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Subsidy game could hurt Canada-US relations

Subsidy game could hurt Canada-US relations
Subsidy game could hurt Canada-US relations | US Politics In :60 | GZERO Media

Jon Lieber, head of Eurasia Group's coverage of political and policy developments in Washington, DC shares his perspective on US politics.

What is happening with US/Canada relations?

Well, I'm headed up to Toronto, Canada, just about a week after President Biden made his first trip to America's neighbor to the north, which is also the US' second largest trading partner. A very important, deeply ingrained relationship between these two North American economies. And a major source of tension right now between the US and Canada is over industrial policy. The US over the last several years has started to deeply subsidize infrastructure development, semiconductor manufacturing, and in the Inflation Reduction Act, green energy production, electric vehicles, and the components that go into this.

Now, the automobile industry is obviously a very major component of US/Canada trade and has been that way since the mid '90s when NAFTA was signed. The renegotiated USMCA has created a new set of playing rules for governing US/Canada trade, and there have been several long-standing disputes between the two countries that have not yet been worked out. And now with the introduction of the US' new subsidies, the Inflation Reduction Act is causing major concerns in Canada who are worried about losing green energy investments to the United States where there are tax preferences, loan programs, and other direct form of subsidies in order to get that manufacturing into the US.

Canada last week responded with its own budget, laying out billions of dollars in new subsidies to help compete with the United States and hoping that it can attract some of that investment over the northern border. Canada has several very attractive elements that the US does not have, including lower costs of construction, more flexible immigration policy, allowing them to take in higher skilled labor from around the globe, that is set specifically around set of criteria having to do with how qualified and educated immigrants are. This exists in the US but to a much lesser extent, and now Canada's getting into the subsidy game.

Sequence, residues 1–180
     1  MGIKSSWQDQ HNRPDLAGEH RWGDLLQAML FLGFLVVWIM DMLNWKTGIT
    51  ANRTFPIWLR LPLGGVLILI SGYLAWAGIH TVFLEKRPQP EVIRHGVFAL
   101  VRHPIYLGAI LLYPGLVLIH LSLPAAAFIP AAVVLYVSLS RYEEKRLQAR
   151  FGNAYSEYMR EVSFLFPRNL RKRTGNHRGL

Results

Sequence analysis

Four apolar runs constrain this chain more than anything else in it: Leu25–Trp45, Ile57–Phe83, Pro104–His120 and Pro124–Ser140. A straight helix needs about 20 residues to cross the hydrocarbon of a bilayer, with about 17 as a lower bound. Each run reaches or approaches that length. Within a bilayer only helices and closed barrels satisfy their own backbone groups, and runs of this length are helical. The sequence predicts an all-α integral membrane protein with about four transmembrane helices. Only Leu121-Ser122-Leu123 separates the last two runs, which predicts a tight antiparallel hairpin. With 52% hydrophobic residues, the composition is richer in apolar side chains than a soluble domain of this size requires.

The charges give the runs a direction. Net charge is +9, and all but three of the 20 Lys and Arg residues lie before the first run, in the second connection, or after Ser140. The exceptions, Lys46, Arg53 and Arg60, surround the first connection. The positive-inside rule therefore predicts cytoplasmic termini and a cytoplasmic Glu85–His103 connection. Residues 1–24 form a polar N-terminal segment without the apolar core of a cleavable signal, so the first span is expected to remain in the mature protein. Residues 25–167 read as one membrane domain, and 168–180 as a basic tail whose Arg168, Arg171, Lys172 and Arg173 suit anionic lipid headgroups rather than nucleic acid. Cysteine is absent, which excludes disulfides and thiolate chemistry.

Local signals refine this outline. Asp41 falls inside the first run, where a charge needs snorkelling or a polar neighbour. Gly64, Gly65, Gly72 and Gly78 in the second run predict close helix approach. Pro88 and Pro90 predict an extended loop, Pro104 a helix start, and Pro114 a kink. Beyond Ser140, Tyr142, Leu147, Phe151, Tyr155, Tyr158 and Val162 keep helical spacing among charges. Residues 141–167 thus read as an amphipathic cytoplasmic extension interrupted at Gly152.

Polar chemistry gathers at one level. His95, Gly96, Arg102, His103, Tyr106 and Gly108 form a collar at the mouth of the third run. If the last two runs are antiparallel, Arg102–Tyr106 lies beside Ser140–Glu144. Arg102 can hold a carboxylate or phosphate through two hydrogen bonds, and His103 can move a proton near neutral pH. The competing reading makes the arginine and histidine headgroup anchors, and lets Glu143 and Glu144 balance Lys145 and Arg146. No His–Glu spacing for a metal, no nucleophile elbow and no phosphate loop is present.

So this could be an ongoing source of tension between the two countries. It means that if you're looking to build a manufacturing plant for green energy or EV, electric vehicles, or for batteries, there's going to be this race to the top that the US is trying to push. Where Canada, the US, the EU, are all looking at different ways they can get these manufacturers into their markets. And going forward, these types of tensions could be an important part of the US/Canada relationship.

Both leaders are incentivized to keep things friendly between the two countries. Canada has a lot to lose if they could cut out of the US market. And from the US perspective, Canada is sort of like a very large state where English is the primary language, there's very little trade barriers, a highly educated workforce that's competitive across many of the same areas that the US economy is, and the US is also deeply incentivized to get along well here with Canada.


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